Operators across the board also report strong interest from a range of film, TV and other projects. Derek Watts, studio executive at 3 Mills Studios says there has been an increase in enquiries from the UK and particularly the US. The studios have also hosted a range of animation, including Tim Burton’s The Corpse Bride and Frankenweenie and Wes Anderson’s Fantastic Mr Fox. “We do feel that we’re well placed to be a home for producers who are going to the use the new tax credits,” says Watts. “So we would anticipate growth in that area.”

 “We’re really excited about the strength the different sectors seem to each be enjoying,” says Piers Read, managing director of Wimbledon Film & Television Studios of the clients coming to the studios. Previously home to The Bill and owned by FremantleMedia the site was bought by its current owners in October 2010 and opened in March 2011.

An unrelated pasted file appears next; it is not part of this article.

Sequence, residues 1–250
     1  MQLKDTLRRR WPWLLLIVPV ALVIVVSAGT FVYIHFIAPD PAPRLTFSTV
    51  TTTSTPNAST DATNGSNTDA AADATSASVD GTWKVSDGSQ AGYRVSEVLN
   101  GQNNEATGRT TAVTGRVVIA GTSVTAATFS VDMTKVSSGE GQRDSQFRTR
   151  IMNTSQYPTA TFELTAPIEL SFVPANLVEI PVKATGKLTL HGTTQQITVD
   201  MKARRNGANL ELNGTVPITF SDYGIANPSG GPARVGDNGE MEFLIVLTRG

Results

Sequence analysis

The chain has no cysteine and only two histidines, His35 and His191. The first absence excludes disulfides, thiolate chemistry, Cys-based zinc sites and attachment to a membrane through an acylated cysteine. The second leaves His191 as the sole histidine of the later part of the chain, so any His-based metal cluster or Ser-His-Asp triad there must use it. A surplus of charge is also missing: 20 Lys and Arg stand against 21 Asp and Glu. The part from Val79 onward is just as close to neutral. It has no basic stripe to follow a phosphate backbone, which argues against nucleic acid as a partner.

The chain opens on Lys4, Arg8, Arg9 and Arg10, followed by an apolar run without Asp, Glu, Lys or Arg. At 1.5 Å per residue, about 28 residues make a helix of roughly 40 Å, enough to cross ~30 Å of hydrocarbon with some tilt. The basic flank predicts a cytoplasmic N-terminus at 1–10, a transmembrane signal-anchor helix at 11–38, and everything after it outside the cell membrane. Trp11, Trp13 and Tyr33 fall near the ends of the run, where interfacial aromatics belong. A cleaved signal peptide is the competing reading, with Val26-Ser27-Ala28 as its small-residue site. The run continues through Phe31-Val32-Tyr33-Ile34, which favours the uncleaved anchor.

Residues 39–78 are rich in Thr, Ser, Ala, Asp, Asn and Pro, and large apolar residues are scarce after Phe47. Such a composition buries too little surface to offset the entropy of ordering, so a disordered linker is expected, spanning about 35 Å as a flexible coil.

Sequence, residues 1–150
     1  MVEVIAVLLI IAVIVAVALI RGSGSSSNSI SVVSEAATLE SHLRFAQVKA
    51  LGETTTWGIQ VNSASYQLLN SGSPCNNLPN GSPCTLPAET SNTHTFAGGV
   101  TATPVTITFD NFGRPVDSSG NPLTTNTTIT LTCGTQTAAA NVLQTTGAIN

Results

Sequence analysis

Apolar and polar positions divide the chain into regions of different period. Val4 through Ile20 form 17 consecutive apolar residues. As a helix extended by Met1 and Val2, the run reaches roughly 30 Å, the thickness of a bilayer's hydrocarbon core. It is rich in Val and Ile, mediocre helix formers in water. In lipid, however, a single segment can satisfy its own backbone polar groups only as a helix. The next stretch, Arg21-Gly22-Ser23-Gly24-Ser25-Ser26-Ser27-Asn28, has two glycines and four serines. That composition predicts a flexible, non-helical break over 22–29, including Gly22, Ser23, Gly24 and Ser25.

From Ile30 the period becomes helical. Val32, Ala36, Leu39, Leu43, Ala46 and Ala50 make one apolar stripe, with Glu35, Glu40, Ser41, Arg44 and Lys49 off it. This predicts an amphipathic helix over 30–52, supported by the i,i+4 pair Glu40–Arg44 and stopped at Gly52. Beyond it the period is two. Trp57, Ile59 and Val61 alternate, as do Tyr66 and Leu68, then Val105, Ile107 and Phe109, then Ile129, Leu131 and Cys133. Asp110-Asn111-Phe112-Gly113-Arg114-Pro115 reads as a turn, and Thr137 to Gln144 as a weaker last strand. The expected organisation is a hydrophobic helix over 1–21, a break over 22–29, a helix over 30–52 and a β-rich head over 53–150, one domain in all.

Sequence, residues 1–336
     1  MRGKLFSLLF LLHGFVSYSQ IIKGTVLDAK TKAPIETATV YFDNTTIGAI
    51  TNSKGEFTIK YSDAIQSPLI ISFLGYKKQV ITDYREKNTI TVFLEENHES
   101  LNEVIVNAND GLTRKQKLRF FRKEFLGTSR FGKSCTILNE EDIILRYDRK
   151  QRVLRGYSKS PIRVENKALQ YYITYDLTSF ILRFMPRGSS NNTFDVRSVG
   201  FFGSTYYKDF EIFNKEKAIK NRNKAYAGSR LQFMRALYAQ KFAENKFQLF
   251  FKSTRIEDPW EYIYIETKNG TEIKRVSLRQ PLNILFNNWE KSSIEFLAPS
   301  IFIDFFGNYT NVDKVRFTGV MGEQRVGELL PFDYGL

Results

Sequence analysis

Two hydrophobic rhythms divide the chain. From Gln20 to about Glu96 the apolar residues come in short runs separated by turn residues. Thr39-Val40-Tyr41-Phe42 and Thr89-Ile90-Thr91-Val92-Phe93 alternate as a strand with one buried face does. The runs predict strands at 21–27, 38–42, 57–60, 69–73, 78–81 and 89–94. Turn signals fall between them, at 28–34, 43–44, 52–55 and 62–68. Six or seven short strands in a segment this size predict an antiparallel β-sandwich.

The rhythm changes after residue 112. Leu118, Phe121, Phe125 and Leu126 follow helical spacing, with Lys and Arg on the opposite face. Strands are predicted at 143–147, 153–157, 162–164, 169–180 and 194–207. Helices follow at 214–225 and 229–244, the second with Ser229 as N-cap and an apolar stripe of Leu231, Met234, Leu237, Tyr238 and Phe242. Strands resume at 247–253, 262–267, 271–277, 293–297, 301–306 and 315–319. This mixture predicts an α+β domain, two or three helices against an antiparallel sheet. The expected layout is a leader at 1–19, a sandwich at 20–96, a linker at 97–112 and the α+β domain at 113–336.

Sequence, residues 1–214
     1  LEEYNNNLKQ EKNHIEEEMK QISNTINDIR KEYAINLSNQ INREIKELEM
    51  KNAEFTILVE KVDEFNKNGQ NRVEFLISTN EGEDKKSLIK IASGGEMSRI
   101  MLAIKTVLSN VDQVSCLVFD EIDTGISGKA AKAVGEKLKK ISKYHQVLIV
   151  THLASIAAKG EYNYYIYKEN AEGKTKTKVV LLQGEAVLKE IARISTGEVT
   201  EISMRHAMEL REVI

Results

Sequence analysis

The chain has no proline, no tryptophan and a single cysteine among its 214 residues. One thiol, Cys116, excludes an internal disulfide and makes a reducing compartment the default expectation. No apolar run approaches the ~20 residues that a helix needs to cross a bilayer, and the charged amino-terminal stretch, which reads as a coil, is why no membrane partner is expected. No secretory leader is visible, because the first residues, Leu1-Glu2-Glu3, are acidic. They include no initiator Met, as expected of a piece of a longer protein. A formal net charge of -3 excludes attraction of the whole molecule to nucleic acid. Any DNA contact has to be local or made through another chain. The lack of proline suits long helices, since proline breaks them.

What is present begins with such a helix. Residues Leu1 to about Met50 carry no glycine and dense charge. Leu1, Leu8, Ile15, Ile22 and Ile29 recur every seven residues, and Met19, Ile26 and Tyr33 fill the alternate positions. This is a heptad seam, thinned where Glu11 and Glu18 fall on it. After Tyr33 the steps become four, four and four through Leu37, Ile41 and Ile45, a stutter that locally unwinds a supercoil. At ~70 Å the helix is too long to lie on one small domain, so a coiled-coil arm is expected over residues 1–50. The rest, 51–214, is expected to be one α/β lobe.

Wimbledon is opening a newly built third studio of nearly 5,000 sq ft in May. “We’ve actually got the space on site to grow the facility so we can cater to all sectors,” says Read, who adds that the company is considering further expansion with a possible second site in London.

Operating in a complex and competitive global market that can be affected by exchange rates, incentives and other factors, building for the future is a priority say those in the industry. 
“We need to find as much viable work space as possible over the next year or so,” Iain Smith says. “Every production that we have to turn away today is potentially even more future productions lost.”